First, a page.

Automated Train Toilet Sewerage Disposal System -- a cost-effective alternative to bio-toilets
New Delhi, July 17, 2021
Automated technology for the collection of toilet waste that is easy to maintain and seven times cheaper alternative to the bio-toilets, developed by an Indian scientist, can be used to maintain the toilet system of the Indian Railways.
Existing bio-toilets use anaerobic bacteria for converting human waste to gas, but that bacteria cannot decompose plastic and cloth materials dumped into toilets by passengers. Hence maintenance and removing of such non decomposed materials inside the tank is difficult.
The technology developed by Dr R V Krishnaiah from Chebrolu Engineering College is an automated system for collection of toilet waste from running trains and segregation of different materials and processing into usable things.
The technology developed with support from the Advanced Manufacturing Technologies programme of the Department of Science & Technology (DST), aligned with the "Make in India" initiative has been granted five national patents and is in the testing phase, an official press release said.
The automated system consists of three simple steps--the septic tank (which is placed under the rail track) top cover gets opened when the train approaches the septic tank place by using Radio Frequency Identification (RFID) sensor and reader placed at the engine and septic tank position, respectively. Sewerage material in toilet tanks is dropped into the septic tank when they are mutually synchronized, and finally, the septic tank cover gets closed when the train departs away from it.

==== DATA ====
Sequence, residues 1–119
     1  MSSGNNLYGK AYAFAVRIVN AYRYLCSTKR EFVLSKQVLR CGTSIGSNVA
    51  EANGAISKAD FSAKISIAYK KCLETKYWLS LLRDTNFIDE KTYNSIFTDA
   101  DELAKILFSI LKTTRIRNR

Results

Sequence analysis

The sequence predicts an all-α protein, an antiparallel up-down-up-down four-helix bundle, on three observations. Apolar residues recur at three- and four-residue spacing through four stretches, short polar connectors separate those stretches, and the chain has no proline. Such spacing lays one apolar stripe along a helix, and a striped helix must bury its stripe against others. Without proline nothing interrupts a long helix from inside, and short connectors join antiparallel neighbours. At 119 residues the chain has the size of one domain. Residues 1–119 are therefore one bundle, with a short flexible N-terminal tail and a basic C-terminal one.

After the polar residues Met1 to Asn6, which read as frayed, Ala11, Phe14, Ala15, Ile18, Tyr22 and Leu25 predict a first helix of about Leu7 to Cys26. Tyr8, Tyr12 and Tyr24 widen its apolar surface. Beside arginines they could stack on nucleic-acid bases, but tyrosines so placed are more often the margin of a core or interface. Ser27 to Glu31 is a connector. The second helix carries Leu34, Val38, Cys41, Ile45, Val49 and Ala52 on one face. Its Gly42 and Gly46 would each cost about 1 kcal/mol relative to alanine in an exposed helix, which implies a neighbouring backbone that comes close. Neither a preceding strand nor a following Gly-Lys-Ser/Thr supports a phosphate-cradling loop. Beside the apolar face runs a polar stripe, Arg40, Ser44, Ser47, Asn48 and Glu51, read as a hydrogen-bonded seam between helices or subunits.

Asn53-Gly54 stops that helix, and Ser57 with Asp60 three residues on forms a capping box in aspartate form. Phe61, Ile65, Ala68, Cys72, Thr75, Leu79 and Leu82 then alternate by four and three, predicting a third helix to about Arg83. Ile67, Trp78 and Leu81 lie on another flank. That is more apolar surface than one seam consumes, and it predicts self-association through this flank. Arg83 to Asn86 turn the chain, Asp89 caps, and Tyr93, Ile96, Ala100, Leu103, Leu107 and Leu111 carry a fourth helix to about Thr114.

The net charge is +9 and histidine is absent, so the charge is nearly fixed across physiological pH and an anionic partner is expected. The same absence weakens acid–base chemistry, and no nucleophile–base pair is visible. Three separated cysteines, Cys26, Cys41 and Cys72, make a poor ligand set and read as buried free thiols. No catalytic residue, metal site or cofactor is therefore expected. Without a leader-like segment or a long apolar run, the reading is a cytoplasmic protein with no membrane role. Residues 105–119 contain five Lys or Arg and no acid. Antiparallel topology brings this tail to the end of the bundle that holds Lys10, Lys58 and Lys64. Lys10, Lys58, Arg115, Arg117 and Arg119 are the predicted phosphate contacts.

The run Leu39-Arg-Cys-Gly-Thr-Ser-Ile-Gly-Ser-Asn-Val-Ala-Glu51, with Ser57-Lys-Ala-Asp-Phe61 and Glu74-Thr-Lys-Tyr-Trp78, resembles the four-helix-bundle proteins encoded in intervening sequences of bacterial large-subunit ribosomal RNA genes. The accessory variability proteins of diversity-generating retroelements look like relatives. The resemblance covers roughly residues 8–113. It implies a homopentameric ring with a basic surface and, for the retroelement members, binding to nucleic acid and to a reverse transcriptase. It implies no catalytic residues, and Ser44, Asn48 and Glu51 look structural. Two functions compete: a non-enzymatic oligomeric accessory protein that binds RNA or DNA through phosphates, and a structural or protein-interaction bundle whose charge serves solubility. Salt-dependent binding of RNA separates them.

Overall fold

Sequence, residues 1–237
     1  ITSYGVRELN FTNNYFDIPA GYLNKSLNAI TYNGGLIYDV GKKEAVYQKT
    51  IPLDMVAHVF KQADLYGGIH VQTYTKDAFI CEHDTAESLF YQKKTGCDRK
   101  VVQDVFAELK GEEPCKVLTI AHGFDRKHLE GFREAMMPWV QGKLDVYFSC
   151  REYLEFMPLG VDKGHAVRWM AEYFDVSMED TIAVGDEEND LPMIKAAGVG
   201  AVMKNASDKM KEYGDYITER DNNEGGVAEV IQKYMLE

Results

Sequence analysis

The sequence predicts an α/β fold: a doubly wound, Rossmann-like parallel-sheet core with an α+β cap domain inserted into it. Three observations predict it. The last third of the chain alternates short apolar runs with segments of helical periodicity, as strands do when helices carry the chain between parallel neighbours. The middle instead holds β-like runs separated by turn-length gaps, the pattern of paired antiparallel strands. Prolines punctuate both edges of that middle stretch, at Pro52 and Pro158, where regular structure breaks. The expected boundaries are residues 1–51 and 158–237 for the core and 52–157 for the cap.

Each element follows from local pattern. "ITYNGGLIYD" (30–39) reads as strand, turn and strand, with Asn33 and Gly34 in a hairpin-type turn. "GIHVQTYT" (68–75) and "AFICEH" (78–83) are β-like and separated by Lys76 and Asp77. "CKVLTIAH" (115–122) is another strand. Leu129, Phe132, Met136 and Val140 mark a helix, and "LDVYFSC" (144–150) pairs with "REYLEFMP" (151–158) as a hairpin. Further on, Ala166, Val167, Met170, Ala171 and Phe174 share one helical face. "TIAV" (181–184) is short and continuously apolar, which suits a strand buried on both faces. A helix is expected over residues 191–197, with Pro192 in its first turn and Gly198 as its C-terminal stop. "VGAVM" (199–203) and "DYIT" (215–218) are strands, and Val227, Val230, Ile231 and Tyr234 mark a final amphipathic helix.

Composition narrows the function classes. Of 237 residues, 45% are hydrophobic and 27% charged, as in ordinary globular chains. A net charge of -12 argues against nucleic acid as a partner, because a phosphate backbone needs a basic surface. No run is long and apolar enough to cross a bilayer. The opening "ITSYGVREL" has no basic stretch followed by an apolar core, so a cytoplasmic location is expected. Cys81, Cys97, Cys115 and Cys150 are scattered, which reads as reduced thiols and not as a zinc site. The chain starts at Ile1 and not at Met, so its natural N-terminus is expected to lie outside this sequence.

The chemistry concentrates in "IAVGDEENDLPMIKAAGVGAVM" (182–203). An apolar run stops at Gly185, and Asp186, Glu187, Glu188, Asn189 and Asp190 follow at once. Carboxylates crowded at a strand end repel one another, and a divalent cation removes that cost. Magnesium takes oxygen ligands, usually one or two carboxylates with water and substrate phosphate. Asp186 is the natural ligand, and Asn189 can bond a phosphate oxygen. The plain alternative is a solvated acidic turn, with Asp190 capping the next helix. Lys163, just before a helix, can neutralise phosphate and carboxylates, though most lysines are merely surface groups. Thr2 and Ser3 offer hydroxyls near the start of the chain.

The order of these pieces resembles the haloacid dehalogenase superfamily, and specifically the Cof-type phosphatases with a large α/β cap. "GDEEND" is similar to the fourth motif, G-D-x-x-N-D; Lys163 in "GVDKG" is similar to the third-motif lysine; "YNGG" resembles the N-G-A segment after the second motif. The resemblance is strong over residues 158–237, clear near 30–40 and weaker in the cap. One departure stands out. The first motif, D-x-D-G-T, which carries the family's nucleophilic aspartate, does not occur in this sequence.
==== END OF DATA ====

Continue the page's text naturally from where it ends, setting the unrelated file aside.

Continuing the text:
The collected sewerage material from train toilets is segregated such that human waste is stored in one tank, and other materials such as plastic materials, cloth materials and so on are stored in another tank. The human waste is further processed separately to convert into usable material. The plastic and cloth materials are processed separately.
This technology has been developed targeting the Indian Railways specifically with the aim of cost reduction and to obviate the necessity of time-consuming anaerobic bacteria generation. In contrast with bio toilets which cost one lakh per unit, the new technology brings down the cost to Rs 15,000.
Dr Krishnaiah has tied up with MTE Industries for further upscale of this technology, the release added.